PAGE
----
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PRESS RELEASE: August 17, 2005

Vatican Observatory and CTNS: A New Collaboration on “Scientific Perspectives on the Problem of Evil in Nature”

Vatican Observatory and CTNS: A New Collaboration on “Scientific Perspectives on the Problem of Evil in Nature

The Vatican Observatory and the Center for Theology and the Natural Sciences (CTNS) have concluded a decade-long series of research conferences in theology and science. The overarching theme of this series was “scientific perspectives on divine action.” The series produced five published books with nearly one hundred chapters spanning a wide variety of topics in systematic and philosophical theology, philosophy of religion, philosophy of science, and the history of science and religion in relation to such areas in the natural sciences as special and general relativity, quantum mechanics, quantum gravity, Big Bang and quantum cosmology, fine-tuning and the laws of nature, chaos and complexity, evolutionary and molecular biology, and the neurosciences. Summaries of all these chapters can be found on the CTNS website,

In the fall of 2003 the Vatican Observatory and CTNS held a conference to review and evaluate the series. Selected papers from this conference will be published as a book and in science and religion journals such as Theology and Science.

In light of these results, the Vatican Observatory and CTNS have embarked on a new series of research conferences. The general title of the series is “Scientific Perspectives on the Problem of Evil.” The series moves ‘behind' and ‘prior' to the widely-discussed problem of theodicy in the context of moral evil to what is routinely overlooked: the problem of theodicy in the context of natural evil (i.e., suffering, disease, death, extinction, and so on). The series begins with the problem of natural evil at the level of physics and cosmology, where natural evil serves as a prefiguration of and precondition for moral evil in the underlying structure of the fundamental laws of nature. From there it will move to evolution, genetics and thus the biological roots of moral evil, it may include the neurosciences in relation to human free will and moral evil, and eventually it may extend to the theme of eschatology as a response to natural and moral evil and with it the challenge of cosmology to eschatology.

The first private conference in this new series will be held in Castel Gandolfo, September 12-16, 2005 . The theme of this conference is “Suffering and the Laws of Nature.” Its scientific focus is on physics and cosmology, including the apparent fine-tuning of the universe and the possibility of multiverses. A provocative way of exploring this theme in relation to the overall perspective of the series of conferences is with the claim that the existence of intelligent, free, morally responsible and loving creatures seems to depend as a precondition on the specific character of the fundamental laws of nature. Yet those laws are also a contributing cause of natural evil and seem to make natural evil inevitable. Hence natural evil can be seen as the unwanted by-product of God's creating a universe in which the evolution of creatures capable of a free and loving response to God is possible. In specific, literature on the so-called cosmological “fine-tuning” of the laws and constants of nature suggests that the universe, with all its perils, must be (almost) exactly the sort of universe it is in order for life to evolve. Is it, then, in Leibniz's terms ‘the best of all possible worlds'? If God chose to create life, did God have to create this universe with these laws?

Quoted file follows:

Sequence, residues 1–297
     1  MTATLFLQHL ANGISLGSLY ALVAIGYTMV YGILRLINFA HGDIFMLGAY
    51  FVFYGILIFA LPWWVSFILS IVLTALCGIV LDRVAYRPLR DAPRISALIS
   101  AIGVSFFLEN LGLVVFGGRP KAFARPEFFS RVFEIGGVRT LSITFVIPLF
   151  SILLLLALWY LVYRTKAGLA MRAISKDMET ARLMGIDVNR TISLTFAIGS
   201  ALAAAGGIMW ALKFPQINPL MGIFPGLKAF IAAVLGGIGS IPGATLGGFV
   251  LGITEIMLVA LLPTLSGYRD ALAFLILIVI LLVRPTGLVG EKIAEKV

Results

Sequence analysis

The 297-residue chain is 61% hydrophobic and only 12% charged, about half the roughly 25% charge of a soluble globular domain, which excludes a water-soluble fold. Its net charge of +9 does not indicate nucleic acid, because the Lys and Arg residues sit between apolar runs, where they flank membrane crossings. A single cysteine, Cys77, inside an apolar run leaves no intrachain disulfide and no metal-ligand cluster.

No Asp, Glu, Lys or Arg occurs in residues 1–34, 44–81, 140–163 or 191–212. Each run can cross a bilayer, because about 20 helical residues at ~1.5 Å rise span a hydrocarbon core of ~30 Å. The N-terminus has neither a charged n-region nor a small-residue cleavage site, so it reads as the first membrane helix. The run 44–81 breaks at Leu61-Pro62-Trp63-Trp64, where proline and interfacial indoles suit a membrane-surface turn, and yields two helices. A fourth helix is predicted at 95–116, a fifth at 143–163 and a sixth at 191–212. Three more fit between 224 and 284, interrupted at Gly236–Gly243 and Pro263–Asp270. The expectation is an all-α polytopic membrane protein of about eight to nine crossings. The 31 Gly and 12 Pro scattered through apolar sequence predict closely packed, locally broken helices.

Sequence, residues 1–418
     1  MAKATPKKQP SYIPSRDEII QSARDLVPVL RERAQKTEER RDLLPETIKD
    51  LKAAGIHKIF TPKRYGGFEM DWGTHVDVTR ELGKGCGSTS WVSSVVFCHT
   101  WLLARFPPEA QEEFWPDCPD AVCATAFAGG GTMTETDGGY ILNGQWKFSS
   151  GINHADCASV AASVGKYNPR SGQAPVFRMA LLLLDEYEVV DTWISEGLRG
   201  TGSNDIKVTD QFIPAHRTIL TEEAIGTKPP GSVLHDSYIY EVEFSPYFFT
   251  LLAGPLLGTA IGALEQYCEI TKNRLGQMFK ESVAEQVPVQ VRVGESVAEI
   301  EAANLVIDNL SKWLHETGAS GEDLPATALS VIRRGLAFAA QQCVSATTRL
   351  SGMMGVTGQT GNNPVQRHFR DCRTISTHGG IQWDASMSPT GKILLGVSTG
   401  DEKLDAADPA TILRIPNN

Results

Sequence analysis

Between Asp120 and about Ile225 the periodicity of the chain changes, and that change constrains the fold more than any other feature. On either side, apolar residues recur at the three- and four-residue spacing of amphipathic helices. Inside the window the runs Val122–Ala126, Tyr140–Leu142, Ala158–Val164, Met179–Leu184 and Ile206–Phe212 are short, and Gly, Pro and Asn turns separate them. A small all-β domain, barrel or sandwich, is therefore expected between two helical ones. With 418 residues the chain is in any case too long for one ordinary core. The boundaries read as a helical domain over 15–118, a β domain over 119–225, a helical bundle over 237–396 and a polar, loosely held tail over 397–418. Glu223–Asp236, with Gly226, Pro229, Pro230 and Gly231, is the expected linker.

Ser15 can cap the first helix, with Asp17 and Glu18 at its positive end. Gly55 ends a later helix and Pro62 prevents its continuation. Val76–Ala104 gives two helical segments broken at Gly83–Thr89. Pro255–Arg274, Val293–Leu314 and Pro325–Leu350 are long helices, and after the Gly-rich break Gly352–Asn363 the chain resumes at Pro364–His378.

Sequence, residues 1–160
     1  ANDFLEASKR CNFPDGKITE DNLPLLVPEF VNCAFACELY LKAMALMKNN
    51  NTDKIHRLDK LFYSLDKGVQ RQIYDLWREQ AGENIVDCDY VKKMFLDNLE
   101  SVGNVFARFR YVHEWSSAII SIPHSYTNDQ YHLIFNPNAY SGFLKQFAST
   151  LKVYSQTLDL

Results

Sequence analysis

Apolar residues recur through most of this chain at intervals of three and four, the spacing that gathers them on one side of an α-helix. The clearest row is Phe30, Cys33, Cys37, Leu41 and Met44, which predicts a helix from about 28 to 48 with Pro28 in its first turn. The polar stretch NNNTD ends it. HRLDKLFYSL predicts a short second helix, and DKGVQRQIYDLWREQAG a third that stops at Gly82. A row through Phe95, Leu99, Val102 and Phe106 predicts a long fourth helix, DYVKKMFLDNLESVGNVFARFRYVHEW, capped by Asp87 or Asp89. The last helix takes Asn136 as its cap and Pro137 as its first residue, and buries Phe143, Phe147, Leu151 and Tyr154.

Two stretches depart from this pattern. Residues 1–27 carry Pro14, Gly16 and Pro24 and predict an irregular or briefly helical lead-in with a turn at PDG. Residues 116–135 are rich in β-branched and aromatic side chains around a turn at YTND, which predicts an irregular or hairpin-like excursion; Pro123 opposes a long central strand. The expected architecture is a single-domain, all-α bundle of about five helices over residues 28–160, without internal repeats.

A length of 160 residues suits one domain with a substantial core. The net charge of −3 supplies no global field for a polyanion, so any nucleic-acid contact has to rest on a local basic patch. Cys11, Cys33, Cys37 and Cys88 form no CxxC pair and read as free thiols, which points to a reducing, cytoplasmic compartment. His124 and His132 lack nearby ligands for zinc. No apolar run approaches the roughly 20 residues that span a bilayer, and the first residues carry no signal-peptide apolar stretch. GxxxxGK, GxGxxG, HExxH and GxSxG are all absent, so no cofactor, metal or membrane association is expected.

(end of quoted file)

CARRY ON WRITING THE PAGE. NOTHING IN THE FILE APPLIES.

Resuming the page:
The problem of natural evil is compounded in light of our preceding series on divine action. There the goal shared by many scholars was to give an account of non-interventionist objective divine action in light of contemporary science. Some argued on the basis of top-down causality in reference to the universe-as-a-whole or the mind-brain problem. Others argued for ontological indeterminism either on the basis of chaos theory or quantum mechanics. If any of these arguments is accepted, then the problem of theodicy is exacerbated: if God could act without violating or suspending the laws of nature, then why doesn't God act in certain specific events to alleviate excessive natural evil? Not surprisingly, the success of the previous series in making a convincing case for non-interventionist objective divine action was a major factor in our choice of theodicy for this new series.

The scholars invited to participate in this invitation-only conference are Philip Clayton, George Coyne, Denis Edwards, George Ellis, Don Howard, Brad Kallenberg, Steven Knapp, Nancey Murphy, Robert Russell, Christopher Southgate, William Stoeger, Terrence Tilley, Thomas Tracy, Kirk Wegter-McNelly, Michael Welker, Wesley Wildman and Mark Worthing.

The Vatican Observatory and CTNS intend to publish the results of these conferences in a new series of volumes beginning with this first conference. Visit the CTNS website at for news about summaries of the chapters in 2006.


Robert John Russell
Founder and Director, CTNS

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